Human look to Pharma.

Sara Glatt sara119 at
Sun Dec 14 12:34:08 EST 2003

The Guardian 

The British pharmaceutical industry, which has become hugely wealthy, in
part thanks to government incentives, is failing to develop the drugs
the NHS needs, according to a thinktank report. 
The King's Fund says that successive governments have been content to
buy what the industry offers, rather than negotiate for what patients
need, especially women, children and older people. 

The pharmaceutical companies spend less on researching ways to protect
and promote health than on seeking profitable new blockbuster drugs. 

"We want to see a relationship develop between government and the
pharmaceutical industry that is geared towards the promotion of health,
not just the promotion of wealth," says the report's author, Anthony
Harrison, a senior fellow at the fund. "For too long the industry has
been in the driving seat of this relationship, with government acting as
a passive purchaser of drugs. 

"Whilst this partnership has undoubtedly been an economic success, the
interests of patients and the public clearly do not always coincide with
what will be most profitable for the pharmaceutical industry." 

The research agenda is set by the companies, which invest millions in
the hope of discovering a drug which will be in demand all over the
world, such as Viagra. On the back of such blockbusters, the industry
makes some of the highest profits in the world. 

But this means that less potentially profitable areas which would
benefit patients are neglected, Mr Harrison says. 

The problem is compounded by the lack of involvement of patients or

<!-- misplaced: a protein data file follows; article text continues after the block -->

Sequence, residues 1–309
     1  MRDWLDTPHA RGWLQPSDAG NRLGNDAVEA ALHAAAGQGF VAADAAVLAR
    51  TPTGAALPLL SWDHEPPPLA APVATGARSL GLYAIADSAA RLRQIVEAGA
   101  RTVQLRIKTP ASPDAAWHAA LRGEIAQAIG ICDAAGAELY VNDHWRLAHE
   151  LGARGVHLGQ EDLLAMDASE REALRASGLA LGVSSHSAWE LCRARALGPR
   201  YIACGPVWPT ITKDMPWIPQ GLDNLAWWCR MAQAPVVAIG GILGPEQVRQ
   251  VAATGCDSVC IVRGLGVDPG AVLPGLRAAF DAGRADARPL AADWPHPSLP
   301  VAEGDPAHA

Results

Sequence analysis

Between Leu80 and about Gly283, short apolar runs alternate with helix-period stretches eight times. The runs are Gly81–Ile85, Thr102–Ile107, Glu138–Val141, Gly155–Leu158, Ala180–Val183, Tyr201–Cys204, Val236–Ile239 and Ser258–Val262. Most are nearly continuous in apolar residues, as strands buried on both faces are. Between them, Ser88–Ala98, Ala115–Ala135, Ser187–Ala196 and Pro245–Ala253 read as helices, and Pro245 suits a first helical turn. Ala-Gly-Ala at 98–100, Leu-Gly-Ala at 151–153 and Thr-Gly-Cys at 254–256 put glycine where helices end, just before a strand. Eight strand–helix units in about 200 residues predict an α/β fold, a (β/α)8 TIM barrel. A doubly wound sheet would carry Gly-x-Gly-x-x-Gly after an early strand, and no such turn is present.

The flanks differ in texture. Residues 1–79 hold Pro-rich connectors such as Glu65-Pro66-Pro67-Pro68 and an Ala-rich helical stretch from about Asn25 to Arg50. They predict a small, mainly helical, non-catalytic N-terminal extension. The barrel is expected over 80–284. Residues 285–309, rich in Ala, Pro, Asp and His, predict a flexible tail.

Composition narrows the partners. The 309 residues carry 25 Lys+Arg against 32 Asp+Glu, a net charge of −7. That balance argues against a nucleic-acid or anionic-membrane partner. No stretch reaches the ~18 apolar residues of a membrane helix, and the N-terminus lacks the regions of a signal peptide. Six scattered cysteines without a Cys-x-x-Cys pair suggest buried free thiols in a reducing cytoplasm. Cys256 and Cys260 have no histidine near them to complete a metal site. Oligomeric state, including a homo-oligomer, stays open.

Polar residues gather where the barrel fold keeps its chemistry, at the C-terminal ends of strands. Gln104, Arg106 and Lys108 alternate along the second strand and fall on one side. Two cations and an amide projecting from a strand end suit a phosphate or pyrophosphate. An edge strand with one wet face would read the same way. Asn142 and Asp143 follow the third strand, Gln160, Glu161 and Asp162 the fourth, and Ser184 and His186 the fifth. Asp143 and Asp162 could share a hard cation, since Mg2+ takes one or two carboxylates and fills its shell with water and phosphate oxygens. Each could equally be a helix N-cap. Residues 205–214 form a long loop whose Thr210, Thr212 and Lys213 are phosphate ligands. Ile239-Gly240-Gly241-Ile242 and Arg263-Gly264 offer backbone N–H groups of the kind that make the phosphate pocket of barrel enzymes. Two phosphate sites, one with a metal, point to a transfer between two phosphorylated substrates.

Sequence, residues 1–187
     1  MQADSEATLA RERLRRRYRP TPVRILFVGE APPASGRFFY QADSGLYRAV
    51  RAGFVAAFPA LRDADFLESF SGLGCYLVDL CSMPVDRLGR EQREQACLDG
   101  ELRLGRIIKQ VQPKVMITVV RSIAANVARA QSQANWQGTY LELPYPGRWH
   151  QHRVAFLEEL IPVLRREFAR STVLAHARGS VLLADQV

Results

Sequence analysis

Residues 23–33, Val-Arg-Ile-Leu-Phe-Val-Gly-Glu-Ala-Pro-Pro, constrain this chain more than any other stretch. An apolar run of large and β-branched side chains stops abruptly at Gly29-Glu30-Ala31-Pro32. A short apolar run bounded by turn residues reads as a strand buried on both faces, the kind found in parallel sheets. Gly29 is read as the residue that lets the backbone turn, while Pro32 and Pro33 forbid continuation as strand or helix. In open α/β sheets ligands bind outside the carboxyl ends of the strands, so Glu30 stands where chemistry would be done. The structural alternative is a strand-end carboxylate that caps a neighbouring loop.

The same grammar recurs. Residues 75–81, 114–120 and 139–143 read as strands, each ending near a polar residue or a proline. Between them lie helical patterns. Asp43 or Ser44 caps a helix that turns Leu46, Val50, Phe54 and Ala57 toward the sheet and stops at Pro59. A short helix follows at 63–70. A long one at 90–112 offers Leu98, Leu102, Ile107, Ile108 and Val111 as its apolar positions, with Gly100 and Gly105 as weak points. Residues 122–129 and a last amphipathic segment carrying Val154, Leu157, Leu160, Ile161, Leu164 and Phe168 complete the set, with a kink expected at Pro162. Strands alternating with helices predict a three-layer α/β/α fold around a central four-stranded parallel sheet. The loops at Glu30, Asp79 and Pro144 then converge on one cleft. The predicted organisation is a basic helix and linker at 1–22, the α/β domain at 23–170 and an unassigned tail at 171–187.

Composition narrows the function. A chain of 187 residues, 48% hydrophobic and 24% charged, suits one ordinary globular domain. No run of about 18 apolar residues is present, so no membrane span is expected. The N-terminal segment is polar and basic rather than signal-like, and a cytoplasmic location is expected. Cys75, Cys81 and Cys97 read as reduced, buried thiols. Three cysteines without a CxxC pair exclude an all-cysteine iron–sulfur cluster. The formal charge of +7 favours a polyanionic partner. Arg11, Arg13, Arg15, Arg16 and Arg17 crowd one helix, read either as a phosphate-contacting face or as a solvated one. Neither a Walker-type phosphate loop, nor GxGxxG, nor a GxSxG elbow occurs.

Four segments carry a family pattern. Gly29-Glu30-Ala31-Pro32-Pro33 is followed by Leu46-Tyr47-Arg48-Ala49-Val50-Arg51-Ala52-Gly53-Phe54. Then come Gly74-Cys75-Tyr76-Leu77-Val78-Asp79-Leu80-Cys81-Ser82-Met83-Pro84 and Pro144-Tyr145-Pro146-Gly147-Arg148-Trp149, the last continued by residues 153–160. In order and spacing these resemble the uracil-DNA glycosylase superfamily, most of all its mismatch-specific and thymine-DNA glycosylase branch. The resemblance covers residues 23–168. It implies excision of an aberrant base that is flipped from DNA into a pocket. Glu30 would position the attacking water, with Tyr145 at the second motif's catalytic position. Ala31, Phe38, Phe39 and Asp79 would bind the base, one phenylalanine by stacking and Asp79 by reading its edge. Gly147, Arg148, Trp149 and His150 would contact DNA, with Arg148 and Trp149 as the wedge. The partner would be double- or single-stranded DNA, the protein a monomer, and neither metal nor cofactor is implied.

other people who use NHS services in setting drug research priorities.
The pharmaceutical companies and scientific researchers decide what they
want to investigate and which medicines to take to clinical trials. 

The report says that the relationship between the government and the
pharmaceutical industry, which Mr Harrison describes as "an implicit
public-private partnership", needs to be better defined. The government
needs to be clear about what health research it would like pursued. 

Although most of the money that goes into the research and development
of drugs comes from the private companies, the industry gets subsidies
or tax breaks from the government, and benefits from access to NHS
doctors and patients, who carry out and take part in clinical trials. 

The industry's profits from the NHS are capped by the pharmaceutical
price regulation scheme, but the report says this allows "an adequate
profit margin to finance a high level cost of research". 

Patients and the public should become more involved in discussions about
the direction of medicines research, the report suggests. It proposes
the setting up of a health research and development taskforce to
identify the patient groups and health areas currently poorly served,
and to suggest to the government and NHS how they should negotiate with
the industry to correct that. 

The report accepts that this body might clash with the Pharmaceutical
Industry Competitiveness Task Force set up by Tony Blair, which
comprises ministers and drug company heads, and exists to promote the
industry as an employer and a source of income to the UK economy. 

An industry statement said: "Dozens of new medicines designed for
diseases specifically affecting women, children and people in the
developed and developing world have been produced over the past five
years, and hundreds more are in the pipeline." 

The director general of the Association for the British Pharmaceutical
Industry, Trevor Jones, added: "The pharmaceutical industry in the UK is
one of the most innovative in the world." 

. Getting the Right Medicines? Putting public interests at the heart of
health-related research, by Anthony Harrison, published by the King's
Governments will not take DATA's from unprofessional who don't know the
difference between Iboga  and Ibogaine. They have their own agenda's.
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